Dune and science fiction

sarakoth

Uncool
Joined
Sep 13, 2007
Messages
180
One thing I don't really like is the extremely slow pace of technological advancement. The original Dune series takes place about 20000 years in the future. Although it's not surprising mankind under the Old Empire and the Thinking Machines wasn't advancing at all, the 10000 years of Imperial rule didn't do much either. Considering how fast we're advancing today (50 years is enough to change how we live completely) many things remain the same for mellenia in the Dune universe.
 

Timewalker

Orthodox Herbertarian
Joined
Oct 1, 2006
Messages
59
The question of how much mankind advances during which era depends on whether or not you accept the new novels' retconned history of the Butlerian Jihad. Frank Herbert had the major tech/cultural advances happen over a logical time frame of several millennia -- and then it was thousands of years again until Paul Atreides came along. The KJA/BH novels have Norma Cenva invent everything significant within a single century, which blatantly contradicts Frank Herbert's established canon.

So in the real Dune history, Earth was not devastated by nuclear bombs (at least not when KJA/BH said it was, else the people who hammered out the details of the Orange Catholic Bible would not have had anyplace to do their work). Technology was invented by more people than just Norma Cenva, and over a greater, more realistic time frame. The Bene Gesserit existed long before the Jihad.

Actually, it makes sense that technology/major Imperium-wide cultural advances would have plateaued during the Imperium. That's what tends to happen with every Empire, from Earth's Bronze Age to the far future. People have what they need, their technology works well and serves its purpose, and there is no real necessity to push forward. It usually takes a major event or breakthrough to sufficiently shake up society enough to cause really noticeable change. In our own history, that happened with inventions such as the printing press. In Dune history, it happened with the discovery of foldspace technology and understanding of the myriad benefits of consuming the spice.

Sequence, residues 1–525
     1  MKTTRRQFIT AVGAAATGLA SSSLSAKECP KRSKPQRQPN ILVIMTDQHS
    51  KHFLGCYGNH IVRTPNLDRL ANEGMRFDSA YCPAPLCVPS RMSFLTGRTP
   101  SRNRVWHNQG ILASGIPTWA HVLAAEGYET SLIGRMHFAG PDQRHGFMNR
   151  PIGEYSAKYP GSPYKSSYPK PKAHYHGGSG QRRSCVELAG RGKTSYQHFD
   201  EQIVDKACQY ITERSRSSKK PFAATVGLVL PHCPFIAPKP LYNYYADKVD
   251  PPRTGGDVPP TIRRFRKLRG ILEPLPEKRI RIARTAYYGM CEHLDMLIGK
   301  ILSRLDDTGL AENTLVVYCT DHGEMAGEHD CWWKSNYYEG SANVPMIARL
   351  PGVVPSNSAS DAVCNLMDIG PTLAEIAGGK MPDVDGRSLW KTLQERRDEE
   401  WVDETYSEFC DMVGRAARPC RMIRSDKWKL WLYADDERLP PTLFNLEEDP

Spade

Custom User Title
Joined
Dec 13, 2006
Messages
290
It's just a book. And written decades ago... Not the holy Bible.
Thank you for saying this. Dune is by far my favorite book, but I don't treat it as sacred material.
 

Timewalker

Orthodox Herbertarian
Joined
Oct 1, 2006
Messages
59
No, it isn't sacred. But it is worthy of more respect than Kevin J. Anderson and Brian Herbert have accorded it.
 

Jackols

In the line of Black.
Joined
Nov 22, 2006
Messages
4
i adore the dune series, discovered it about 5 months ago, read up as far as the fifth, ready to start chapterhouse within days..**got a little side tracked with a series of vampirism!!**..but absolutely have adored it books so far..i have also got the hunters of dune and sandworms of dune to hand, even reading the reviews which don't sound pleasing, they are here!!
 

endless

π
Joined
Jan 31, 2013
Messages
10
I'm starting to read the Messiah. Some people had told me i should read only 'till the 3rd one, so i don't get disappointed at the end... anyway, i'll read them all.

I find amusing the universe FH created in Dune, it's very easy to believe!
 
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